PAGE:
Earlier this chapter noted that IP Filter firewalls restrict network traffic based on IP address and port number. Crystal Enterprise works well with IP Filter firewalls with the proviso that the IP address and TCP port number used by the servers are predetermined. This section discusses a scenario where the Crystal Enterprise WC/Web server and WCS has one IP Filter between the two of them and the WCS is separated from the rest of the Crystal Enterprise servers by a second firewall. In other words, its the common firewall scenario you looked at in the previous section. This is illustrated in Figure 26.5.
Lets look at two distinct parts of communication across the networks: first, the most external portion (that is, between Network C and Network B), and second, the communication between the WCS and the other Crystal Enterprise serversthe internal portion between Network B and Network A (see Figure 26.6).
Any requests of the WC machine would follow the same steps as described in the previous section. Initially, the WC would have to establish a TCP connection to the WCS. The WC would initiate this handshake communication. The IP Filter firewall would certainly stand to convolute this communication:
The network rules of this side of the firewall will quickly determine that the destination IP of this request will have to go through the firewall. Therefore, the network forwards this TCP connection request to the firewall. The firewall then evaluates the information within the requestthe destination port and IP address, as well as the source IP and source port. The firewall must have rules that allow this connection to go throughit must accept requests for the WCSs IP from the WCs IP and the request must be on the specified port. At this point in the request, the firewall will have to allow traffic through it that follows this configuration:
When the WCS receives this request, it must respond to it. It garners the information about where to respond from the information within the request. It takes the Source IP and Port and makes this the destination. Because this is a random port, the firewall must be configured to allow any ports to leave Network B and go to Network C. This is a generally accepted practicestrict port enforcement is done at the bastion host. Therefore, the firewall rules to complete this request should resemble the following:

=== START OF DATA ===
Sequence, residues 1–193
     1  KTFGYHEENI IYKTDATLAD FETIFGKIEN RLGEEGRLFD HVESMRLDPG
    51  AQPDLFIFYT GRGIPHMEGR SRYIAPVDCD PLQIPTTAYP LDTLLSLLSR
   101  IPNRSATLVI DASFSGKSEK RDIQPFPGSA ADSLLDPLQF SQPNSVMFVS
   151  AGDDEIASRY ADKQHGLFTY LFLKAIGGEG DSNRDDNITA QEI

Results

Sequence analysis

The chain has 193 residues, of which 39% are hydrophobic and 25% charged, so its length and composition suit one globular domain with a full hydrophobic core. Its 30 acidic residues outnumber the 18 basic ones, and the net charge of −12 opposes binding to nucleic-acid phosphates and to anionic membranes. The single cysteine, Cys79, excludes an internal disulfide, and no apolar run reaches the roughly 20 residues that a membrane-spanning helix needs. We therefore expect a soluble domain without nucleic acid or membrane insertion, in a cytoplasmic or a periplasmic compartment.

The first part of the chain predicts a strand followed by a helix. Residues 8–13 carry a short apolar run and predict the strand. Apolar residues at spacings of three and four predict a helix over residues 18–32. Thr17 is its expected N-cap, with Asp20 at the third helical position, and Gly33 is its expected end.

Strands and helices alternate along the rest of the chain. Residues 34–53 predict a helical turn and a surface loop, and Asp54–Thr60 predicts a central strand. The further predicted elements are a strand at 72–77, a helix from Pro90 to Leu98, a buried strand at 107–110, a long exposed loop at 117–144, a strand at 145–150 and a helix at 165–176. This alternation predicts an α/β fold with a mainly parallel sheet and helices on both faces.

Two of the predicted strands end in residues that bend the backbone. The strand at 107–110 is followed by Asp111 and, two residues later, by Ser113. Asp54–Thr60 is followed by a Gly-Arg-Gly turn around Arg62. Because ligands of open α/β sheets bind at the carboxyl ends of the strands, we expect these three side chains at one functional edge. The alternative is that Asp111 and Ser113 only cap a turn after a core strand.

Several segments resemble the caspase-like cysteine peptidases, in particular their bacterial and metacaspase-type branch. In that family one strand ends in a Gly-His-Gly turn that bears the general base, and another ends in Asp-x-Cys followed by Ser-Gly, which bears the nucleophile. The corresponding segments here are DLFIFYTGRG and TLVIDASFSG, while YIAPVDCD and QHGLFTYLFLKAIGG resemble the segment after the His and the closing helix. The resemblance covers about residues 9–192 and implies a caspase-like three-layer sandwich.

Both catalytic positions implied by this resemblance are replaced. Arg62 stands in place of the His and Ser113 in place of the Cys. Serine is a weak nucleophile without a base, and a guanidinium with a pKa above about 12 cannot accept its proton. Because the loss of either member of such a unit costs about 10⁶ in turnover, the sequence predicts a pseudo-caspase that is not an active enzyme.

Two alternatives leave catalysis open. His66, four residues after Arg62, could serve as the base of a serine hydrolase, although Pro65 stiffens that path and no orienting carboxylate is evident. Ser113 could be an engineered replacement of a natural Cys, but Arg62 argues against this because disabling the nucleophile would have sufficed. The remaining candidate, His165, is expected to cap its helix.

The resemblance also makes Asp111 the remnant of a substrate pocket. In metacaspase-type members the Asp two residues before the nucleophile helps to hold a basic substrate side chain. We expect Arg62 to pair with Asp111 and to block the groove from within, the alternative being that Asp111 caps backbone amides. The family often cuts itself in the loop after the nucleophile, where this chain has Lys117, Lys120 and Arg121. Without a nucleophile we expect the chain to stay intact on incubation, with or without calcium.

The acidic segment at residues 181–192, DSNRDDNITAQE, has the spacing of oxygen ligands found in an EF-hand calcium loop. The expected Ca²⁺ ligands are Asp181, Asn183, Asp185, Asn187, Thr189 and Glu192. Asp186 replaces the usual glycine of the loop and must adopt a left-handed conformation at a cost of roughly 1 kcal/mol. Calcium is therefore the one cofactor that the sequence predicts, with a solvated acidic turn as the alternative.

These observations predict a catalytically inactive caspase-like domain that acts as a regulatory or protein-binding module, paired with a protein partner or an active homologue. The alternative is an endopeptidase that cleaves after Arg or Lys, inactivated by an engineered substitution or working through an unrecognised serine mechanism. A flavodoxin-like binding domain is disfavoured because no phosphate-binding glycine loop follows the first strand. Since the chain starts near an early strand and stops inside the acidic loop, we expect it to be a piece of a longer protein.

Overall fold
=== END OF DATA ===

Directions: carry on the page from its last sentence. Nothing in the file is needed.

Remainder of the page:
When the connection request gets through the firewall, the network resolution will determine that the destination is in Network C. The request will hit the Web server/WC. At this point, there is a TCP connection between the two machines, going through the firewall. The WCS will send the WC its IOR and the WC will close this TCP connection.
The IOR contains the IP and port on which the second connection will be made. The port number in the IOR will be one of many values depending on the existence or nonexistence of the -requestport xxxx directive on the WCSs command line. If there is a -requestport, this is the value that will be in the IOR. If there isn , it will be a random port as chosen by the WCSs operating system. Generally, a random port is not acceptable because administrators won enable their firewall rules to accept any ports from a specific IP.
The Crystal Enterprise Administrators Guide suggests that the use of the -requestport option is required with IP Filter firewalls.
When this second connection is made, the -requestport directive should be set to a fixed port number and this port number should be accepted if the IP is from the Web server/Connector machine. This second TCP connection information will look like this: